William Herbert Allen (1863-1943)
`The Goatherd`s Dream`
An amazing large watercolour by W.H.Allen depicting a mythical scene where a vision is appearing to a sleeping goatherd, set in an arcadian landscape. I think the scene depicted is probably from the Classics - a Classical scholar friend of mine thinks this is most likely Endymion, loved by the moon goddess Selene who appeared to him in his dreams, this was a favourite subject for artists. This would appear to be quite a late work by Allen, in the latter part of his career he was depicting dreamlike, almost mystical rural scenes of the Hampshire and Surrey countryside in this interesting drybrush pointillist technique highlghted with pen and ink, which gives a shimmering fresco-like effect to the image. The animals and the figures are exquisitely drawn. The classical subject is an unusual one for Allen, as normally his subjects are firmly rooted in the local countryside, similar in a way to Samuel Palmer. The Allen Gallery in Alton, Hampshire has a huge collection of his work and many images online at http://www3.hants.gov.uk/allen-gallery/w-h-allen.htm
The painting is set in an ivory coloured mount, and housed in a very nice Victorian/Edwardian gilt frame with ivy leaf decoration.
William Herbert Allen (1863-1943) was a notable English landscape watercolour artist whose career spanned more than 50 years from the 1880s to the 1940s. He was invariably referred to as "WH" rather than by his given name. Born 14 September 1863 in West Brompton, London, of parents from Alton, Hampshire. After leaving school, Allen obtained a scholarship at the Royal School of Woodcarving in 1880. Following a period spent in a successful carving workshop, and a brief period as a solicitor’s clerk he returned to education and entered the Royal College of Art in 1884. There he came under the influence of its Director, Thomas Armstrong, a disciple of William Morris and the Arts and Crafts movement. This was to have a profound effect on Allen's artistic development, and remained the predominant stylistic influence throughout his long working life.He also won many prizes, including, in 1888, a silver medal and a travelling scholarship of £50 which enabled him to take the first of many trips to the Continent.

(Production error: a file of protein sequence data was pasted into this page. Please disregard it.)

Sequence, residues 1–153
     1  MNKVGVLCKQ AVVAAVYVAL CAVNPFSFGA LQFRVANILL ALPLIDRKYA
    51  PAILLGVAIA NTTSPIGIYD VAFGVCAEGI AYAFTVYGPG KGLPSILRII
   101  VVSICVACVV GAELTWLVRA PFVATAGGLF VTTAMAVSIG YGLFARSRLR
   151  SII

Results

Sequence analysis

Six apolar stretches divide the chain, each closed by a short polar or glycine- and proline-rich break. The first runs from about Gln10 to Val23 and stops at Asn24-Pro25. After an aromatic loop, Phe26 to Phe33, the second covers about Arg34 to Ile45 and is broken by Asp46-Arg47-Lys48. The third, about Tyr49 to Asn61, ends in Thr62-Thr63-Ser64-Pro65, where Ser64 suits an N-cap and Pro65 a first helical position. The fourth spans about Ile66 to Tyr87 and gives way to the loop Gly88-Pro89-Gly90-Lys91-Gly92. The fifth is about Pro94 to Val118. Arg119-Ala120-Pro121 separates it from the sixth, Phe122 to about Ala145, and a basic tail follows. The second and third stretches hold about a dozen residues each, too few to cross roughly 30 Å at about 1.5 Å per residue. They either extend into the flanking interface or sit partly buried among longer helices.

Allen returned from Milan in May 1889, and later the same year was appointed as Art Master at Farnham School of Art. He was later promoted to the post of Director in recognition of his talents, and also put in overall charge of the teaching of art in the local primary and secondary schools. Although he was to remain at Farnham for the next 39 years Allen was able not only to pursue his private interests but to undertake artistic commissions for the Victoria and Albert and other museums. These tasks took him to France or Italy each year between 1890 and 1909 in order to survey and illustrate historic buildings for publication at home.
He produced several thousand watercolours, chalk and pencil sketches mainly of the landscapes, traditions and people of West Surrey and North-east Hampshire. These works included commissions in Italy for the Victoria and Albert Museum, Dublin, Edinburgh and Preston museums. He was made a member of the Royal Watercolour Society in 1903 and the Royal Society of British Artists in 1904 and his work was exhibited at the Royal Academy from 1910- 1927. He moved from Surrey to Wylye, Wiltshire in 1932 and is buried at St Nicholas's Church, Fisherton de la Mere. Many of W. H. Allen's paintings are regularly displayed at the Allen Gallery, Church Street, Alton. These include landscapes of the local East Hampshire countryside at the beginning of the 20th century.
For a fuller biography of this artist please follow the link above to the Allen Museum.
|Image size||21 x 15 inches||Provenance||signed lower right|
|Overall size||27 x 22 inches|